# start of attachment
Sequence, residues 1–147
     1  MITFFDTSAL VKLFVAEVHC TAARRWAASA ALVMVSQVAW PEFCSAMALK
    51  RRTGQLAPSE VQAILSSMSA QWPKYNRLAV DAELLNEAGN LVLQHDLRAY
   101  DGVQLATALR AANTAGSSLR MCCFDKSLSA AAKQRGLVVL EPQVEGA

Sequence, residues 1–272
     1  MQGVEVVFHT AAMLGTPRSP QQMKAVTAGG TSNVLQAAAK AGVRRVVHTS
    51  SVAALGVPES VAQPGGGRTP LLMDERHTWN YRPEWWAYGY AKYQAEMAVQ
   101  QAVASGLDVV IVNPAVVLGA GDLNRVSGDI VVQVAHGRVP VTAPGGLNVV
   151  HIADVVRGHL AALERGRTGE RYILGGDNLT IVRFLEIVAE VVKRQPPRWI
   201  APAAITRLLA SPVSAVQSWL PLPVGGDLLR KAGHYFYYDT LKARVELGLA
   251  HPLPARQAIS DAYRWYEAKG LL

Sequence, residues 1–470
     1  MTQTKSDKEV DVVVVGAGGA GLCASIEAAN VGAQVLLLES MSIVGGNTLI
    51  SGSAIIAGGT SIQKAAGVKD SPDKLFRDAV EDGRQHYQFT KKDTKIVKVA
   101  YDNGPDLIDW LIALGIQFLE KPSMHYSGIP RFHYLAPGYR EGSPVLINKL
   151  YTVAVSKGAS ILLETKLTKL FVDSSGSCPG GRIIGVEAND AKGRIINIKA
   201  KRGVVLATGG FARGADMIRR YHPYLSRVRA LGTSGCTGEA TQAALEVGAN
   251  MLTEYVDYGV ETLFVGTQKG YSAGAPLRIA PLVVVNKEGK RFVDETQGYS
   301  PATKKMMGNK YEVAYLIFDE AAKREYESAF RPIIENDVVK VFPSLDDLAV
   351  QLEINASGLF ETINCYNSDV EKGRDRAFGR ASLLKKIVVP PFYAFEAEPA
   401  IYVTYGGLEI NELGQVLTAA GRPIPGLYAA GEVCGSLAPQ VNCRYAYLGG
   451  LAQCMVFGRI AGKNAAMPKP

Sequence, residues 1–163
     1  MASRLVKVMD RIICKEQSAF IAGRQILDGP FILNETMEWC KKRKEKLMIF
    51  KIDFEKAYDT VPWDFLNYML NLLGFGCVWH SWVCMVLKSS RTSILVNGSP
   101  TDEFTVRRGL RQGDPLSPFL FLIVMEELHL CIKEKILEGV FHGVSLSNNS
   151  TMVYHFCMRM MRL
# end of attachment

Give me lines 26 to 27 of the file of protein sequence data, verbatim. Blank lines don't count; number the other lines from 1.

   101  TDEFTVRRGL RQGDPLSPFL FLIVMEELHL CIKEKILEGV FHGVSLSNNS
   151  TMVYHFCMRM MRL